WARNING!!! Alien 2: On Earth features scenes of extreme violence that will be shown in this article. Reader discretion is advised.
Alien changed cinema forever. Its immense success meant a sequel was a no-brainer. But, Aliens wouldn’t hit theater screens for another seven years. Filmmakers couldn’t wait that long to capitalize on the film’s success. In the wake of Alien, dozens of ripoff films were spawned and cranked out as quickly as possible. Of all these films, only one had the chutzpah to bill itself as an actual sequel to Ridley Scott’s masterpiece.
Alien 2: On Earth
A little context: the Italian film market was infamous for creating unofficial sequels to popular American films. This was particularly rampant in the horror genre. Since US movies would often be retitled for their Italian release, the Italian ripoff sequels would follow the renamed titles. For example, Dawn of the Dead was released as Zombi in Italy. So, Italian filmmaker Lucio Fulci made Zombi 2 (which was labeled Zombie here in the US. I know, stay with me). Zombi 2 did the bare minimum in trying to connect with the movie it was riffing on. The same can be said for Alien 2: On Earth.
Italian writer/director Ciro Ippolito – under the alias Sam Cromwell – churned out a script for an alien invasion movie as quickly as possible. The film starts with tons of stock footage of astronauts returning from a space mission. Meanwhile, a group of friends is planning to go on a spelunking adventure into some caves. Though it’s never shown, the astronauts apparently have disappeared and left a bunch of alien eggs lying around in the desert. Our cave friends find one and take along because… um, plot!
The movie is pretty aimless for a majority of its running time. But, the Italians always knew what audiences wanted to see out of these films: blood, blood, and more blood. The first victim of the alien eggs is actually a little girl on a beach. Her mother hears her crying, walks up to her, turns her around and sees…
Yikes! That’s quite a way to start your movie! Unfortunately, the majority of the film’s running time is spent following around our cave friends and lots of nothing happening. It’s hard to even discern one character from another. Their names aren’t given good introductions and they are paper thin to begin with. But, once they get down in those caves – which is a great location – we keep our fingers crossed for some sweet alien action.
You can probably see the connection to Alien at least aesthetically. A group of people explore a cavernous interior where some nasty alien eggs lie in wait for them. Alien 2: On Earth bills itself as a sequel – is that returning shuttle from the beginning implied to be the Nostromo? – but it’s much more of a bargain bin remake. Sadly, the titular alien doesn’t have nearly as good of a design as H.R. Giger‘s monster. It’s mostly a mass of tentacles that protrude from the rocks and smack people around until they die.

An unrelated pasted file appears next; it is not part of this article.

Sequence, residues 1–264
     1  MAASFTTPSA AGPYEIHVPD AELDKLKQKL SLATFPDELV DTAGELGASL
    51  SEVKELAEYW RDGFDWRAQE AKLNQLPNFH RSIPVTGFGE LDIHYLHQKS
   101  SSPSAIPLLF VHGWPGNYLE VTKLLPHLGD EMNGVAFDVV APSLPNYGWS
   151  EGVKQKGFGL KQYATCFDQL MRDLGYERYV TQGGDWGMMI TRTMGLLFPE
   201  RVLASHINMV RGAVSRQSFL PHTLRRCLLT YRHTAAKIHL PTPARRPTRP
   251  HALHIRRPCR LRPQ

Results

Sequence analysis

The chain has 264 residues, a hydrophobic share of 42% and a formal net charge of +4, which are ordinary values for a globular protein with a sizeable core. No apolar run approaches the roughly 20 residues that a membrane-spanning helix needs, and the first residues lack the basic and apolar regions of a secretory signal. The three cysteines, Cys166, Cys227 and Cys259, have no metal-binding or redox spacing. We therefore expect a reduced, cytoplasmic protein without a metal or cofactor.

But, Ippolito knew he had to ripoff the most iconic scene from Alien: the chestburster. But, since the Italians always like to kick the nastiness up a notch, they decided to go with an even more gruesome scene. This ain’t for the faint of heart. Turn back now if you don’t have the stomach for over-the-top gore effects. Okay, without further ado, let me introduce you to…
The Faceburster (WARNING: GRAPHIC VIOLENCE)
What a scene! This is easily the highlight of the film for how off-the-wall nasty it is. Granted, we never get a truly good look at the alien itself. That’s mostly because it was never finalized as a design. But this scene almost makes the slog of the movie worth it. However, the rest of the film falls apart after this (admittedly awesome) scene. The characters run around in the caves, get attacked by tentacles and die off. The only survivor is Thelma, the lead female character who also has psychic abilities.
Yup! They just drop that little tidbit early in the film and it’s nonchalantly accepted by everyone. She can somehow sense when her friends are being attacked. It’s also implied that she can possibly communicate with the alien. Nothing comes of that and her powers make no difference on the plot at all.
By the end, she escapes from the cave and finds all of civilization has disappeared. She visits a bowling alley and runs into another version of the alien. We only see it from it’s… uh, it’s mouth’s point of view? You tell me what’s going on in this…
That Makes Alien³ Look Much Better!
Alien 2: On Earth is a nice little oddity for fans of the franchise. It’s not one of the best unofficial sequels ever but it’s worth it for some bonkers gore and a good laugh. If you want more Alien oddness, check out the version of Alien³ you never got to see…